11 Feb 2019
In the skyscraper state of Singapore, five million people live in an area smaller than Noosa. Families live in high-rise apartments, and children grow up often having never left the streets of the city.
With so much development and so few open spaces, teaching outdoor education there has always been a challenge.
That is changing. But instead of bushwalking, school children have started embarking on planned city-wide expeditions, navigating their way across the dense urban environment, exploring a combination of city spaces and green spaces that Singapore has cultivated so well.
To learn more about how outdoor education is taught in this dense island metropolis, USC recently took a group of Recreation and Outdoor Environmental Studies students on a trip over there to experience the culture firsthand.
Getting city kids outside
In the 1960s, the Singaporean Government realised it had a problem – children were becoming more disconnected from nature.
They didn’t go bush walking, they barely swam, and they struggled to climb. Many of them often caught a train to school, entering the grounds via undercover corridors where they remained disconnected from the outside world for virtually the entire journey.
Despite outdoor education being included in the national curriculum for the past eight years – and a governmental push since the 1960s to create a “rugged society” ready to defend itself – schools have been still struggling to teach outdoor skills.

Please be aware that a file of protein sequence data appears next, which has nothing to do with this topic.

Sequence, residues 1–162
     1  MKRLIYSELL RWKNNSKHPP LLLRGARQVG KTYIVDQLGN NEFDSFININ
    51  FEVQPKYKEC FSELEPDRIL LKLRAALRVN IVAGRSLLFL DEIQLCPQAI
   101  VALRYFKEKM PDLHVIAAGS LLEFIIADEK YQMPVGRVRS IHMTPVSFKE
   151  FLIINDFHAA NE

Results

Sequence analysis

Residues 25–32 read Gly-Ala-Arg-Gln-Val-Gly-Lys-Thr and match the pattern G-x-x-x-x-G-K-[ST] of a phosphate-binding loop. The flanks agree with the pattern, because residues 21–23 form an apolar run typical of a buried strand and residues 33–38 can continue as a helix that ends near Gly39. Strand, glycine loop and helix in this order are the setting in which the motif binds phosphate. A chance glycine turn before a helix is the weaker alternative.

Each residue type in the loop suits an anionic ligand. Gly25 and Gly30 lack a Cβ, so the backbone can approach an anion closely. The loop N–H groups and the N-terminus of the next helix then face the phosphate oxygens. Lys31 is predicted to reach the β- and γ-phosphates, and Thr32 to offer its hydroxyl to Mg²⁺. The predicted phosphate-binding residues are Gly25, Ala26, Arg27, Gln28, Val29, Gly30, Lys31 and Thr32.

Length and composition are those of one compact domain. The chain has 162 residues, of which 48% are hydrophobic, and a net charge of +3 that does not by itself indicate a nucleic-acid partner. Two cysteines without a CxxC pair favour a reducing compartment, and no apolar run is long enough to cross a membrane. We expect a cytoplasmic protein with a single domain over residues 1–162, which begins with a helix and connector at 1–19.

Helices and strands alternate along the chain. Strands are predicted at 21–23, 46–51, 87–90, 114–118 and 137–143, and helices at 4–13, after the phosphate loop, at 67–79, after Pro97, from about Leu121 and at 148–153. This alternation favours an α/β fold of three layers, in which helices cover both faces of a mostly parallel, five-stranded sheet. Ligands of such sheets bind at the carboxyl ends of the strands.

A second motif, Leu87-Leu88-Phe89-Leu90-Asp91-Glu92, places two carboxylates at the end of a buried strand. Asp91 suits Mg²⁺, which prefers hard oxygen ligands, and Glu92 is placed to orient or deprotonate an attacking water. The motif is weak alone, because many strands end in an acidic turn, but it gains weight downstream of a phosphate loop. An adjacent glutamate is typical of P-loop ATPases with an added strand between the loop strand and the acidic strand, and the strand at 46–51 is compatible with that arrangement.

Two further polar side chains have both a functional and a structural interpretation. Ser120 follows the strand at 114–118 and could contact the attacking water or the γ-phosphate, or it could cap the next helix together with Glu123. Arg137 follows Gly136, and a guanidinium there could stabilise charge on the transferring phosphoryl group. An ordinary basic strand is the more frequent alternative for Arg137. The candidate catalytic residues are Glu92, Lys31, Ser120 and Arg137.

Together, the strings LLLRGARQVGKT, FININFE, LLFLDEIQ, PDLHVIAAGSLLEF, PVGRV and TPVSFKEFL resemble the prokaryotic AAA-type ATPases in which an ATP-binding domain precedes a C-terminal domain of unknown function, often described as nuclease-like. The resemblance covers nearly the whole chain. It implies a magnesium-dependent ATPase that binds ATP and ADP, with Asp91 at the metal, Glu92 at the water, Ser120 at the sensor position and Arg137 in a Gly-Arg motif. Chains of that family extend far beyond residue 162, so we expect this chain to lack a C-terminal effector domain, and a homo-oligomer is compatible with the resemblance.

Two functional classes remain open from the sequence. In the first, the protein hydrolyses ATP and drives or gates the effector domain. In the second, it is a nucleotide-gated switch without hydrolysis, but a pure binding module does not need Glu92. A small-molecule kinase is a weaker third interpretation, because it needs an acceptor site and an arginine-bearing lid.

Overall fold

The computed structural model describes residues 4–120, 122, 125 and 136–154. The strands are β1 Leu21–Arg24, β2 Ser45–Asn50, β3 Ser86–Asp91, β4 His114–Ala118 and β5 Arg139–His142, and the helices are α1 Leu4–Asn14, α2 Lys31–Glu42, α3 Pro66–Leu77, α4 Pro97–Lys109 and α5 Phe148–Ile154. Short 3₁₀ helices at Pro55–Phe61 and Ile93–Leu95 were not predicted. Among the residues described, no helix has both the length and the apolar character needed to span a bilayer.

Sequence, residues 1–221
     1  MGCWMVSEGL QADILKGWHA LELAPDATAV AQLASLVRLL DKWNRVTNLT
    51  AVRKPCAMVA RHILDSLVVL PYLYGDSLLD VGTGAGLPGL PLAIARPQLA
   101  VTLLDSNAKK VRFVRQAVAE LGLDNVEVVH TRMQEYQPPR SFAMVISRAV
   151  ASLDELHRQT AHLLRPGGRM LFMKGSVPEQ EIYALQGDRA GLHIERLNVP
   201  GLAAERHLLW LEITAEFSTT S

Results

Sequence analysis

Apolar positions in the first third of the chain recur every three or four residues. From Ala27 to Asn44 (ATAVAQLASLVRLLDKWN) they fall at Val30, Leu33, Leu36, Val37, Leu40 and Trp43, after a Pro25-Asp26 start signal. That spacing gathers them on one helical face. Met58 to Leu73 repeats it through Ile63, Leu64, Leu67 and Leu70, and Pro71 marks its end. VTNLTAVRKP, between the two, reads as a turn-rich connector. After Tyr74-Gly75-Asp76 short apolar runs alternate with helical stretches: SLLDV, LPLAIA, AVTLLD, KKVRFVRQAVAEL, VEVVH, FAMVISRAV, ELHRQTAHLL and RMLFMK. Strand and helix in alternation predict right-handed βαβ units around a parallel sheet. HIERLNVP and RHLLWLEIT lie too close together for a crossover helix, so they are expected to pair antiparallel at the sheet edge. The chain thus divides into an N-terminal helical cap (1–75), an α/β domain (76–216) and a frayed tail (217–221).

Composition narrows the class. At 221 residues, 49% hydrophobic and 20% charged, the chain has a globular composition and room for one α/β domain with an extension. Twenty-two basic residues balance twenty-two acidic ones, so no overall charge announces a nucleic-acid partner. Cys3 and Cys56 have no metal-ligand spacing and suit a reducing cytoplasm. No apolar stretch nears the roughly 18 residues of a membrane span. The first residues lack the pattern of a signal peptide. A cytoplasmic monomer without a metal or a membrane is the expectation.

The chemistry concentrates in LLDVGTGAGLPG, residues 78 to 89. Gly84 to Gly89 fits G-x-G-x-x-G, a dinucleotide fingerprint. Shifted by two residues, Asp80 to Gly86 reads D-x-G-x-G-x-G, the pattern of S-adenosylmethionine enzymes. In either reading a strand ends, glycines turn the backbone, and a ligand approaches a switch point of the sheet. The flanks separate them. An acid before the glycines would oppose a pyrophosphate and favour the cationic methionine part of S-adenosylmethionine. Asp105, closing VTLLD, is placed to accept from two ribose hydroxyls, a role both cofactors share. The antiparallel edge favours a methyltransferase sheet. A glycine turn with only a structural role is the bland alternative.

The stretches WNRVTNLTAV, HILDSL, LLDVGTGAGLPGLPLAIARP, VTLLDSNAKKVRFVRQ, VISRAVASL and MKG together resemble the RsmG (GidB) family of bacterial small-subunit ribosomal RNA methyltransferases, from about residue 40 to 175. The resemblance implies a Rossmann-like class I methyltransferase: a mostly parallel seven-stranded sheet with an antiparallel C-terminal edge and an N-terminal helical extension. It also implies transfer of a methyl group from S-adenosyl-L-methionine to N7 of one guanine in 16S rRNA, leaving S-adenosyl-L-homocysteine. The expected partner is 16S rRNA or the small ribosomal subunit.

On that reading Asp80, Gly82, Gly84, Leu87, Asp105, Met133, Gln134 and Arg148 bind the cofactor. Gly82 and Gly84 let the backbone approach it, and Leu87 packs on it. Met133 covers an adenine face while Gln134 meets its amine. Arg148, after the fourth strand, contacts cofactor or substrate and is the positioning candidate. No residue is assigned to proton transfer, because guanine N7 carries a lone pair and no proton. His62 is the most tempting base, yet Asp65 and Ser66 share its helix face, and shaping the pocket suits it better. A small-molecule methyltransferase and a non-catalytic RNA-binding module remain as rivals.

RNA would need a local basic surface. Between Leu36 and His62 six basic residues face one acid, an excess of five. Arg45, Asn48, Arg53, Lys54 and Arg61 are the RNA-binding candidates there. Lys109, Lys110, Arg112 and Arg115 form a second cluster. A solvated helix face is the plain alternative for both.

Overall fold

The Government needed to act, so around the time outdoor education was added into the national curriculum, they decided to build high ropes courses and climbing walls at public schools, creatively using existing infrastructure to weave them into already crammed city campuses.
But once students had mastered the challenges, there wasn’t much more room for them to grow.
The Government’s next step was to build specialised outdoor learning centres that students now attend as part of a school camp. Run by the international adventure group Outward Bound, students learn more about teamwork, nature, orientation, and physical education at these camps. It is, in effect, a pathway for them to join the National Service.
And then, when students are ready, they embark on an expedition around Singapore, where they walk, ride, paddle and navigate their way through streets, waterways, urban forests, and cycle paths as they learn about nature and the environment and sustainability principles. Put simply, they explore their urban jungle.
It builds strength, resilience, an understanding of nature, and most importantly for the Singaporean Government - a sense of ruggedness.
Hiking among the skyscrapers
Our group of USC students, many of whom will become outdoor education teachers in Australia, learnt about how Singaporean teachers use limited space and resources wisely.
While Australian citizens cannot teach at public schools in Singapore, they can, and do, teach at international schools there.
Our students also saw how the island nation looks to Australia as a blueprint for good outdoor education, knowing that there are many lessons we can learn in return.
As Australia’s capital cities increase in density, Singapore has proven that quality outdoor education can be taught even amid the tightly-packed urban jungles, while retaining academic outcomes.
We can learn from this by encouraging our own teachers to make the most of the resources they have close at hand.
Brendon Munge and USC students travelled to Singapore on the Australian Government’s New Colombo Plan Scholarship.